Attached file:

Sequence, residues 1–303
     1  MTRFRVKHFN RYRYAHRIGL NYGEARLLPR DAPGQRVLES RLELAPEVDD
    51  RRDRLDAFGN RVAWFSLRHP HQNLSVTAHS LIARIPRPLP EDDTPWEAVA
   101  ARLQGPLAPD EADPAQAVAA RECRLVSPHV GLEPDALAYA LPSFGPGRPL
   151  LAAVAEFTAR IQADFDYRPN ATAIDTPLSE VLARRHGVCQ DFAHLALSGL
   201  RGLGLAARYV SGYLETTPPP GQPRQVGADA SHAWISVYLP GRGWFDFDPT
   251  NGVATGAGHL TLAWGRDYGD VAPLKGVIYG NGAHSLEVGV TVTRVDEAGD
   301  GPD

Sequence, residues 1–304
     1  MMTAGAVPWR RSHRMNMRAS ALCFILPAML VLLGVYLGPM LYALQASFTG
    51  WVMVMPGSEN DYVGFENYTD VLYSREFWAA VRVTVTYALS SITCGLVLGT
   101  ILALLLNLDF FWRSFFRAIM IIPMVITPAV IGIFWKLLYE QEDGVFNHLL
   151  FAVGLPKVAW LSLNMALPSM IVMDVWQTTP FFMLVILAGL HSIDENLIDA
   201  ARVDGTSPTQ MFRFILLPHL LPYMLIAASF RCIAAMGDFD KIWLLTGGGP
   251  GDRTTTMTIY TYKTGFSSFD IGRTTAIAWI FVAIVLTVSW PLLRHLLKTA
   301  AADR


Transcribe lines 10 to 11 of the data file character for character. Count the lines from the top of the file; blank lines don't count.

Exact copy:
     1  MMTAGAVPWR RSHRMNMRAS ALCFILPAML VLLGVYLGPM LYALQASFTG
    51  WVMVMPGSEN DYVGFENYTD VLYSREFWAA VRVTVTYALS SITCGLVLGT